One of the unspoken rules of being a houseguest is to leave a place where you are staying better than you found it. You can do whatever you want in the privacy of your own home, but when you're out in public or at someone else's home, try to be as tidy as possible. Hanging out at a friend's house and leaving a bunch of beer cans on the coffee table is a behavior best left back in your college days.

Forgetting to offer guests something to drink or eat

Guests aren't the only ones who can be rude; hosts can be rude — or just plain forgetful — as well. If you're having friends over, even just for a casual night of watching Netflix, be sure to offer them something to drink when they arrive and something to eat if they want it. Whether you just pop some microwavable popcorn or you decide to order a pizza for everyone, making sure your guests are taken care of is a habit of responsible people.

Not sending thank you notes

Very few people truly enjoy sitting down and writing mountains of thank you notes — it probably goes back to being forced to write them to every aunt and uncle who gave you $5 in childhood. But knowing how to write them in a timely manner is hugely important. After receiving a gift, be sure to send a thank you card with a greeting, a genuine expression of gratitude and small personal details. It's an etiquette lesson your grandma wishes you knew.

Posting your entire life online

Yes, your social media accounts are your own, but your online presence is important. Not only can your social media be a stranger's first impression of you, but it can also be a make-or-break piece of the puzzle when it comes to job searches or your dating life. So be careful before you let loose on the internet.

Discussing important things via text

We get it. It's so much easier to text or email someone rather than call or talk to them in person. But real-life contact is incredibly important, especially if the topic of discussion is meaningful or sensitive. If you're discussing a serious subject or even just having a lengthy conversation, it's much more proper (and efficient) to pick up the phone or meet for a coffee at a great local spot.

Not responding to calls, texts or emails

It's really easy to let those little notification bubbles on your phone add up. Who cares if you have 150 unread emails, 15 ignored texts and a handful of missed calls? Well, the people who are trying to reach you care. Making time for others can be hard, but return that call or email. It's not polite to ignore someone.


So you went on a date with someone you met online and the chemistry just... wasn't there. That's fine, it happens. There's no need to go on another date with someone you didn't click with. What you shouldn't do, however, is cease all communication with no warning, better known as ghosting someone. Just send a polite text saying you had fun but aren't interested in seeing that person again. Even worse is ghosting someone who you had a long, extended relationship with, be it a friend, family member or romantic interest. If you need some space from the people in your life, that's more than fine. But in most cases, you should let the people around you know that you're going to be taking some time for yourself.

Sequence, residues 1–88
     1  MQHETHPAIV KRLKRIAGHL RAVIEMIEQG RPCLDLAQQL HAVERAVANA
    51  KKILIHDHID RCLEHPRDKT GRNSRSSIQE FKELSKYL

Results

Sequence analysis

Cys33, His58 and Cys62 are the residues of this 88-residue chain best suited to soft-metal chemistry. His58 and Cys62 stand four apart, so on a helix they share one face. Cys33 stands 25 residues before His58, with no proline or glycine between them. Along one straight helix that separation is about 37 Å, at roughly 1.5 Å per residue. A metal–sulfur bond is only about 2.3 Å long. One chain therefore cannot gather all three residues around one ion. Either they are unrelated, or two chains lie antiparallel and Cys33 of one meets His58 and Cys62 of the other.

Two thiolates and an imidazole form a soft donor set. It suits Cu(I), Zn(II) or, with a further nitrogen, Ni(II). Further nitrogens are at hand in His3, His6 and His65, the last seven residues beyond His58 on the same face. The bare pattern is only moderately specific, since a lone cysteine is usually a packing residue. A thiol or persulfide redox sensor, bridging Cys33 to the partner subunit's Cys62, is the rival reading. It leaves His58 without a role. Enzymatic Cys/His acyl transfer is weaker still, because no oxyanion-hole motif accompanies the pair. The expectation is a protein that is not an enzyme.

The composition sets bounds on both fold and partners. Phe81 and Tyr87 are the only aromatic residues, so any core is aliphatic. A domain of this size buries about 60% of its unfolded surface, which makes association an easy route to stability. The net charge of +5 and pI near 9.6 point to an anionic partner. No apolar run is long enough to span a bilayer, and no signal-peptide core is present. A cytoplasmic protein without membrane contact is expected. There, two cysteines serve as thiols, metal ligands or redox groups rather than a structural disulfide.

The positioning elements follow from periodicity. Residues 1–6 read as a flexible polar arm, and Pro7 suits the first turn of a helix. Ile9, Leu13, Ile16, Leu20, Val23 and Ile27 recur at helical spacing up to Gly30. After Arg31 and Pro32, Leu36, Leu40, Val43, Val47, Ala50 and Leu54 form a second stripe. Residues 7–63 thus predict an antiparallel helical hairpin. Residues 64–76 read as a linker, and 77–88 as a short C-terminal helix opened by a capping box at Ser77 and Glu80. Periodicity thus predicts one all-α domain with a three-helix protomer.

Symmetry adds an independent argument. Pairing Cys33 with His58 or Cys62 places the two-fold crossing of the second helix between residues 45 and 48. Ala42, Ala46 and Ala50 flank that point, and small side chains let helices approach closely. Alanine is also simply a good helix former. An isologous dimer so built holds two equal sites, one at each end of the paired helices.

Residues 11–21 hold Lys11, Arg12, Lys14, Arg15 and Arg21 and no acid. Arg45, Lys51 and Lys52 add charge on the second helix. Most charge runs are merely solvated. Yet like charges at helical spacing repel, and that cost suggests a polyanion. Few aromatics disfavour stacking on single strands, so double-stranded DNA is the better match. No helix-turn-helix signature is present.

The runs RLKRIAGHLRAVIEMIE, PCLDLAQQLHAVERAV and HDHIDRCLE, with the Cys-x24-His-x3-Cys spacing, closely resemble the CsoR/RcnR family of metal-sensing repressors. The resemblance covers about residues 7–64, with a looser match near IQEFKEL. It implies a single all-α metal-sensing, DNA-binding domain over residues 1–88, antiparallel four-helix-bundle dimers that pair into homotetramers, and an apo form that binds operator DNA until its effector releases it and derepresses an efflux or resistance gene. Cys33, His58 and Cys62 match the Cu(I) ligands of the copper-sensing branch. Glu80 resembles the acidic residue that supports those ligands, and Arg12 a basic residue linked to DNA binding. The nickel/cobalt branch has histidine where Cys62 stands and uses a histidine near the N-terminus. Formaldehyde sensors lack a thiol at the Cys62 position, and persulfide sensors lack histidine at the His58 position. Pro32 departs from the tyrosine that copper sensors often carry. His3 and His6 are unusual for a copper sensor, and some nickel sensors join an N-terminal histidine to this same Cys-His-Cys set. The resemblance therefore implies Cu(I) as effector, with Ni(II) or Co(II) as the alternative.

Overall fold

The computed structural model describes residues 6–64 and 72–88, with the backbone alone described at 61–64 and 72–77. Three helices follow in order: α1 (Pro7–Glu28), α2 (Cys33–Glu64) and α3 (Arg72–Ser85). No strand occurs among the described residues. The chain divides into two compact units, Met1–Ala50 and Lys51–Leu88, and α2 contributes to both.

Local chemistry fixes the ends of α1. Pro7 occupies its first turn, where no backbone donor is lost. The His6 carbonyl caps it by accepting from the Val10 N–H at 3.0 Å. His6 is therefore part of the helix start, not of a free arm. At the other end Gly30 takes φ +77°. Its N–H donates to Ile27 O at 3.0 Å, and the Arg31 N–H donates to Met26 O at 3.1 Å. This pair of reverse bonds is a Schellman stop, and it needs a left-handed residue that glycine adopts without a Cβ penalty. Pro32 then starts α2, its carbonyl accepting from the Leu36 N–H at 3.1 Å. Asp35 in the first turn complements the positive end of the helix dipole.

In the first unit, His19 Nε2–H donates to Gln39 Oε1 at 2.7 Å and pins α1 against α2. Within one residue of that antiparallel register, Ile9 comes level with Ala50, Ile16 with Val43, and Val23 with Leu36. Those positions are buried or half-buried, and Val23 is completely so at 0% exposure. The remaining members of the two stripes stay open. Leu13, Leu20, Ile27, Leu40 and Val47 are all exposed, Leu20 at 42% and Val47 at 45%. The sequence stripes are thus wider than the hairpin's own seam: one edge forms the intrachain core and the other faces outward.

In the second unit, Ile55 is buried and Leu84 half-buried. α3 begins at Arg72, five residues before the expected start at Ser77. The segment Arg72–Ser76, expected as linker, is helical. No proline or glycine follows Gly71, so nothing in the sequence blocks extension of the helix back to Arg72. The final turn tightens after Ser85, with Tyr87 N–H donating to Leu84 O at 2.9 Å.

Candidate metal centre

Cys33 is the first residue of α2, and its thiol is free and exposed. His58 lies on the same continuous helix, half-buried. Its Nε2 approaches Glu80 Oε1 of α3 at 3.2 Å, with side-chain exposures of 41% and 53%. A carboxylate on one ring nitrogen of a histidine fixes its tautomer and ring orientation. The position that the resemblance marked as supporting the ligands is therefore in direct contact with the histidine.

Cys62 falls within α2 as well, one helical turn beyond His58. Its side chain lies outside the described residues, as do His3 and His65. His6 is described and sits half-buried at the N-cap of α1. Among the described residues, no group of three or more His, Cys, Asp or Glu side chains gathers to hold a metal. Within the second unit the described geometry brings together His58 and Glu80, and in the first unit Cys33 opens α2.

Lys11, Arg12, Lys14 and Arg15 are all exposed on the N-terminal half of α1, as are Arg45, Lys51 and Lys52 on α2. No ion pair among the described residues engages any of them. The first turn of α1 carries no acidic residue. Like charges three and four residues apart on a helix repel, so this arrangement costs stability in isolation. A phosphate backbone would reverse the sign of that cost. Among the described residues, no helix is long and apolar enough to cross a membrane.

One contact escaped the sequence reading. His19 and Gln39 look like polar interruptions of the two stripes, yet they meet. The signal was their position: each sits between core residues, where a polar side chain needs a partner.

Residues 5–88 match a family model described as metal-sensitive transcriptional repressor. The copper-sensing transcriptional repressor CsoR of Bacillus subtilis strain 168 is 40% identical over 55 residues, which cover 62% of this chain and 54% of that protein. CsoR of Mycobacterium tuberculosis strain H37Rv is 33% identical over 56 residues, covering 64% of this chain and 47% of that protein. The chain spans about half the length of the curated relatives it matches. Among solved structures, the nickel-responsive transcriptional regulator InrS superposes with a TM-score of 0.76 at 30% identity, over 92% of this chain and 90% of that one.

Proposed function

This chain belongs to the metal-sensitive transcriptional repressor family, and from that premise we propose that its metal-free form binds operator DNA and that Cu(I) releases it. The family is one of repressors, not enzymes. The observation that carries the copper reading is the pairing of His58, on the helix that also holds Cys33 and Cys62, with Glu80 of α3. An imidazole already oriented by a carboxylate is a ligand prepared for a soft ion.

Leaving a low tip (or not tipping at all)

If you're going out to eat, you need to account for leaving a tip. In most table service situations in the United States, a tip of 20 percent of your total bill is standard. Unless service is abhorrent or you ate at a counter service restaurant, remember that it is rude not to tip your server. And that's just one of many ways you could be acting rude in a restaurant.

Placing your phone or purse on the dinner table

Putting your bag on the table has been one of the worst table etiquette mistakes since etiquette queen Emily Post's day. Today, he rule against placing your belongings on the table extends beyond purses to also include wallets, cellphones and other small items. So what should you do? Place your bag under your feet, keep your phone in your pocket and keep the table clear for food and drinks.

Chewing with your mouth open

This major etiquette blunder may seem obvious, but you'd be shocked by just how many people chew with their mouths open or smack their lips while at the table. Remember, keep your mouth closed.

Talking with your mouth full

It should also go without saying, but try not to not talk with your mouth full of food. If you're eating a delicious steak dinner, just finish your bite before responding to a question. If need be, motion to your fellow diners that you're chewing. They'll be happy you waited.

Not knowing what dining utensils are yours

It's easy to get confused in more formal dining situations when there are all sorts of knives, forks, plates and glasses at your place setting. Luckily, it's easy to realize which dining utensils, plates and glass are yours. Make "OK" signs with each hand. You can easily remember the bread on the left is yours (the "b") and the drink glass on the right belongs to you (the "d").

Checking your phone while with others

No matter how entertaining that text or tweet, resist the urge to check your phone during a real-life conversation with someone — it's really rude. If you happen to be expecting an important call or text, let the people around you know before you start your evening. Paying attention and engaging with the real-life people around you is one of the top old-fashioned etiquette rules we need to bring back.